David F. Dobbins, 1928 – 2017
We are deeply saddened at the passing on April 29 of our friend and colleague, David F. Dobbins. Dave was a partner with the firm from 1977 to 2001 and Of Counsel from 2002 until his death. Among his many accomplishments, Dave invented Lanham Act litigation as we now know it. In the 1970’s, the Lanham Act was viewed as a trademark statute. With the claim that Anacin’s television commercials were false, Dave turned the Lanham Act into a vehicle for challenging false advertising. Dave also created the firm’s patent litigation practice, learning to turn complicated technology into subjects that could be understood by lay juries, while still making the sophisticated legal arguments necessary to win cases.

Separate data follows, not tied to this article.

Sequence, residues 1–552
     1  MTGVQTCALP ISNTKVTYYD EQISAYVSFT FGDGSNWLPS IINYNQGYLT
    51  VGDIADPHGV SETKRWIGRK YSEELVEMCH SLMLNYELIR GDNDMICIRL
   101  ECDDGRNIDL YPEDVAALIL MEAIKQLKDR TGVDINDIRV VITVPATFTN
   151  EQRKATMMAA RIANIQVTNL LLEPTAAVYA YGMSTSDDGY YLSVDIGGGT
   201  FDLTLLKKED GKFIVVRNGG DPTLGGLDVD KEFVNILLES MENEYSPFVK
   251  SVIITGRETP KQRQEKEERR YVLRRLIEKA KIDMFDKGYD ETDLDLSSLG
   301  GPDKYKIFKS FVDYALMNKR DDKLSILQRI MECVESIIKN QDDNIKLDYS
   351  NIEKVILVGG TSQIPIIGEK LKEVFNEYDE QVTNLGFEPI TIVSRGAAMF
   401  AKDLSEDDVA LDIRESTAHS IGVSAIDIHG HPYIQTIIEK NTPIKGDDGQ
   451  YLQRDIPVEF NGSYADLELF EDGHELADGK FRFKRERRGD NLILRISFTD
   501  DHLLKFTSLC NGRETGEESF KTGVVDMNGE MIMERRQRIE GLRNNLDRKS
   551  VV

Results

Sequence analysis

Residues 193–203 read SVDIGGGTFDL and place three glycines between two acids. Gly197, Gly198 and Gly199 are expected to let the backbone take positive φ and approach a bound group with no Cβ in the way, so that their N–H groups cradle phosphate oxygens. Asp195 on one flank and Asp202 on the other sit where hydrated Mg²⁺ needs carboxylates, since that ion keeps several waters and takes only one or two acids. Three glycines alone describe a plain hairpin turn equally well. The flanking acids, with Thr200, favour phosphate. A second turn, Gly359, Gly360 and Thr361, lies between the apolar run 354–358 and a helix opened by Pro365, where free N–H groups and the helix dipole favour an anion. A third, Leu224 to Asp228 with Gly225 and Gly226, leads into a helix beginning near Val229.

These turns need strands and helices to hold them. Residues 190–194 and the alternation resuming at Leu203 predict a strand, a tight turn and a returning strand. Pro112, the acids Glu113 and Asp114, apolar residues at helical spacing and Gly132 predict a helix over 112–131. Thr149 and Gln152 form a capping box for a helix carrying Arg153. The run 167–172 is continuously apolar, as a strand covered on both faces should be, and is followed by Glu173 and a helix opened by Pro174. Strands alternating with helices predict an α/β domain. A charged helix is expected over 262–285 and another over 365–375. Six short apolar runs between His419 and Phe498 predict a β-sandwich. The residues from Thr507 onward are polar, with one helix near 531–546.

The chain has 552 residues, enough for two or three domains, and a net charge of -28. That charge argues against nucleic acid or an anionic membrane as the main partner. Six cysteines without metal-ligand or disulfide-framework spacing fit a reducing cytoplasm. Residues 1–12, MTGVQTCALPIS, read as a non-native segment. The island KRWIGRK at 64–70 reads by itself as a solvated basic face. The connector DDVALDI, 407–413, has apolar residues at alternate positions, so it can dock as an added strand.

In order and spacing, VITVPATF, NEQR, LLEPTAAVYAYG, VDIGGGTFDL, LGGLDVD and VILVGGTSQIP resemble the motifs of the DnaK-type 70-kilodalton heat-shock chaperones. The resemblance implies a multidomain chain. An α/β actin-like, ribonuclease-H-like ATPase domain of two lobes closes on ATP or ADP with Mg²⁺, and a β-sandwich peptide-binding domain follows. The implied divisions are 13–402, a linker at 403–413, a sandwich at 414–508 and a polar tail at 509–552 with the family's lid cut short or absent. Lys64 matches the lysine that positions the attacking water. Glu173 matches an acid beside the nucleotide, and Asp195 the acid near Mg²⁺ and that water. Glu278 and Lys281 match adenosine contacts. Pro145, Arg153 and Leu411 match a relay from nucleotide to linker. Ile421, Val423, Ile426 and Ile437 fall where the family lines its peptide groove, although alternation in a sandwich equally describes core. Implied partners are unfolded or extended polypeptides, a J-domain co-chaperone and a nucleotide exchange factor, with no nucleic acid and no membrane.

Dave had an active pro bono practice, fighting for the civil rights of vulnerable populations in state and federal courts throughout his long career. Among them, he was lead counsel in a class action to obtain broader rights of access to public transportation for people with mental disabilities. The pressure brought by that suit resulted in systemic changes to MTA’s half-fare card practices, which included a citywide campaign to inform individuals with mental disabilities of their right to half-fare cards.
Dave was a graduate of Yale College and Columbia Law School, and served as an officer in the United States Navy during the Korean War. He began his legal career in 1957 as Law Clerk to the Hon. Leonard P. Moore, U.S. Court of Appeals for the Second Circuit. We are grateful to Dave for sharing forty years of his remarkable career with our firm. We join his many friends in sending our deepest condolences to his wife Marie and his children David, James and Carol Nagy and their spouses and to his two grandchildren.